Research Rundown: Innovative Science at the Wet Lab
A look at three students’ unique research projects that aim to advance marine science and improving the environment
BRISTOL, R.I. – It doesn’t matter what time of year, RWU’s Wet Lab thrums with life.
Stepping inside the aquaculture research facility feels like going behind the scenes of a renowned aquarium. A briny dampness saturates the air like warm bathwater. Seawater drawn directly from Mount Hope Bay supplies gurgling tanks and humming filtration systems, stacked in rows floor-to-ceiling. It’s here student researchers bustle among the maze of tanks, tending daily tasks of animal feeding, system maintenance and recording data on swarms of clownfish or fire shrimp nibbling on algae.
While students learn the foundation of science in the classroom, the Wet Lab is where they get to apply their research skills and gain real-world training as marine scientists and aquarists. With so many projects, ranging from breeding Yasha Gobies for the aquarium hobbyist trade to growing Atlantic Lookdowns and Smallmouth Grunts for Boston’s New England Aquarium exhibits, here are just three examples of innovative research students are doing inside the Wet Lab.
First in Fire Shrimp
Who at RWU: Erin Gaglias ’19 (marine biology major, with minors in aquaculture and aquarium science), Joe Szczebak (aquarium systems & design research associate), and Associate Professor of Marine Biology Andrew Rhyne
The Big Question: With no other researchers in the world attempting this, how do you raise Fire Shrimp to supply the aquarium trade?
In a Nutshell: A vital player in the health of coral reef ecosystems, the fire-engine-red crustaceans are highly sought after for hobbyist’s tanks and with all captured from the wild, evidence suggests their species are being exploited, Gaglias says. Building her own aquarium system to rear them from larvae to adults, Gaglias experiments with optimizing the shrimp’s first feedings, salinity and temperature levels for successful aquaculture. “If we can optimize the process for aquaculture in a lab, they can be raised on a larger scale, which would mitigate the need for taking them from the wild,” she says. “This isn’t just scientific research – it was also a cool engineering project. You have to be a carpenter and you have to be a plumber. I even make my own saltwater because the shrimp need a specific salinity.”
Tipping the Scale with Trout
Who at RWU: DaNelle Ellington ’19 (marine biology), Joe Szczebak (aquarium systems & design research associate), Casey Murphy (Senior Aquarist), and Associate Professor of Marine Biology Andrew Rhyne
The Big Question: What can farmers feed trout (and other fish farmed for human consumption) instead of more fish?
In a Nutshell: It takes an unsustainable amount of fish meal to nourish trout that feed the human population – about 5 grams of wild-harvested fish for every 1 gram of trout eaten by humans, says Ellington. Partnering with a Boston biotech company, RWU researchers are investigating a new, sustainable food source for farm-raised trout. The basis is a single-cell protein – but beyond that, it’s so groundbreaking that we can’t tell you what it is. “Fish are a major source of protein for the human population, and we’re growing and must keep up with the demand for a protein source,” she says. “With a 5-1 ratio, that’s a huge amount of fish we’re taking out of the ecosystem just to feed our food source. If this becomes mainstream, it would have a huge impact on our planet.”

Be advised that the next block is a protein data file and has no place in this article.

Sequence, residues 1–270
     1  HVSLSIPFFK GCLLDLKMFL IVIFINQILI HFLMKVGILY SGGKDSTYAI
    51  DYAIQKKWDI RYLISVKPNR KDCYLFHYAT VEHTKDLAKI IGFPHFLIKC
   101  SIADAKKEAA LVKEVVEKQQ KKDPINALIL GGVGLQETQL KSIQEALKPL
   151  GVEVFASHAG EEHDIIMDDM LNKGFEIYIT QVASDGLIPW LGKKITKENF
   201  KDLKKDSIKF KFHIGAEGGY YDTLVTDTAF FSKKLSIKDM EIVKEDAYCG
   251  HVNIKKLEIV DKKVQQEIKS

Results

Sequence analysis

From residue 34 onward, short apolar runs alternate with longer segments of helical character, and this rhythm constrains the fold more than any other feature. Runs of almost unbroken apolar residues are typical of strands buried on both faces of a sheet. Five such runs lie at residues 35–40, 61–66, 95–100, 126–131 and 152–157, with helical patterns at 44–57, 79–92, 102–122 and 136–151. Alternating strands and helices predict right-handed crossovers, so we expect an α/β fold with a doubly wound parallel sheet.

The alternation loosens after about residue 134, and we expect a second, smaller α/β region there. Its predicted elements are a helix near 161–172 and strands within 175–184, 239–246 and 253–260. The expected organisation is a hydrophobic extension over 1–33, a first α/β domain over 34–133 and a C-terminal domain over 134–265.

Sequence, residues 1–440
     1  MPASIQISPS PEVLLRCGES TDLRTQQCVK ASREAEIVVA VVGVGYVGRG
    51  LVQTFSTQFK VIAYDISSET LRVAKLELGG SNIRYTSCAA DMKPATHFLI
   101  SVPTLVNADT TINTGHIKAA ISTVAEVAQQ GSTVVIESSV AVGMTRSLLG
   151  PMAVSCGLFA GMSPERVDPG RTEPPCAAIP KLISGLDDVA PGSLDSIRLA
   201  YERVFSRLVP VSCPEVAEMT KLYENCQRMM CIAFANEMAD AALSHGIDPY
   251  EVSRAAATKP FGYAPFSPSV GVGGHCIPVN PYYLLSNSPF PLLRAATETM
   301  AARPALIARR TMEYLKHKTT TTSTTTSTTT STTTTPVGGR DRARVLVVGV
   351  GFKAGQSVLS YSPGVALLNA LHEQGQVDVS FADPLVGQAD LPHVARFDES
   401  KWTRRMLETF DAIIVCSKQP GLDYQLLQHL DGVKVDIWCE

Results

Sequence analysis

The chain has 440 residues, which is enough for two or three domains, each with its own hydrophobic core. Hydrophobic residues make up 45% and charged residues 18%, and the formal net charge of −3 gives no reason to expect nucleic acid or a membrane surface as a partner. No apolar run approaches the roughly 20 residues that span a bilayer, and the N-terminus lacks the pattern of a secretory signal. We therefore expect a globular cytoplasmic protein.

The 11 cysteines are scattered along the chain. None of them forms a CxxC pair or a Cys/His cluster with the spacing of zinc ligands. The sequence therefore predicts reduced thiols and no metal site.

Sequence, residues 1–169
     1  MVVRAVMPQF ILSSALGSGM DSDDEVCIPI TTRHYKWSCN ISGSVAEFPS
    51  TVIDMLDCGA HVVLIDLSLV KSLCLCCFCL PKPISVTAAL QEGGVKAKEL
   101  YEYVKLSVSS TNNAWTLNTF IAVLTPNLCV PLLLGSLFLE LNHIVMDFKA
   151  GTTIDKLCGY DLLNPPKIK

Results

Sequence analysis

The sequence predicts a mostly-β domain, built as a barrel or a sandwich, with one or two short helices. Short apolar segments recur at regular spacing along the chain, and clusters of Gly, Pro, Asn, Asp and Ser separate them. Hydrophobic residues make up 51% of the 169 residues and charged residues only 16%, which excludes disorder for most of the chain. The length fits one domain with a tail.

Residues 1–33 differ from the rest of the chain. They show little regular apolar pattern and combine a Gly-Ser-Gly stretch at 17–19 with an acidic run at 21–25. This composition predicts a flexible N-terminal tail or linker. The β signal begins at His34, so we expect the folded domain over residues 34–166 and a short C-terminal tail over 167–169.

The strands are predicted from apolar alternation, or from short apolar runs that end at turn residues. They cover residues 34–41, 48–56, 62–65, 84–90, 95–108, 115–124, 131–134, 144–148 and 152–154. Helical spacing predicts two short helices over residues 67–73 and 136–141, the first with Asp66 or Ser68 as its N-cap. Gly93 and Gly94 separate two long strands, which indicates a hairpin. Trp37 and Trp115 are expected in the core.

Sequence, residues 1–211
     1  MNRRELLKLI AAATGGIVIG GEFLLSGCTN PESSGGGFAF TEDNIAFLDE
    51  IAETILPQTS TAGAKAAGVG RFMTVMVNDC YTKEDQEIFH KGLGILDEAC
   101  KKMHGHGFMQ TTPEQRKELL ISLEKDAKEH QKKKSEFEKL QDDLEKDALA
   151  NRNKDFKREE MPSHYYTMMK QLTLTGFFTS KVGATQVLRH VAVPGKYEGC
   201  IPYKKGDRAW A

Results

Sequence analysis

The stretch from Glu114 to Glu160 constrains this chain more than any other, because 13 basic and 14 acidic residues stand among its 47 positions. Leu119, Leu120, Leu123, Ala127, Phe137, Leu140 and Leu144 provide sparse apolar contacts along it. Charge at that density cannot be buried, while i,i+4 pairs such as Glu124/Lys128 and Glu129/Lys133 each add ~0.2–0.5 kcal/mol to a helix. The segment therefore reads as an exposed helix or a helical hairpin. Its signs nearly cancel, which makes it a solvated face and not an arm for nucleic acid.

Who at RWU: Liam Brosnahan ’19 (marine biology major, with minors in aquaculture and aquarium science), Joe Szczebak (aquarium systems & design research associate), and Associate Professor of Marine Biology Andrew Rhyne
The Big Question: Do sea-monkeys, a common first feed for larval fish, grow better in water with higher salinity, and, if so, can they be continuously produced instead of batch produced as they are now?
In a Nutshell: Artemia, tiny brine shrimp commonly known as sea-monkeys, are a huge staple in the aquaculture industry as a first feed for larval fish. Found in water with very high salinity, they are produced industrially at normal seawater salinity, Brosnahan says. So Brosnahan – after designing a siphon system to perform daily maintenance on the artemia – is trying to see if the sea-monkeys survive more in water that replicates their natural habitat. If so, he hopes to design an aquarium system that grows them at high salinity continuously as opposed to large batches. “Instead of doing a batch culture – which is basically growing a set amount of these artemia every set amount of days and harvesting over and over again – you would just have a continuous supply, which would really cut down on cost,” Brosnahan says.
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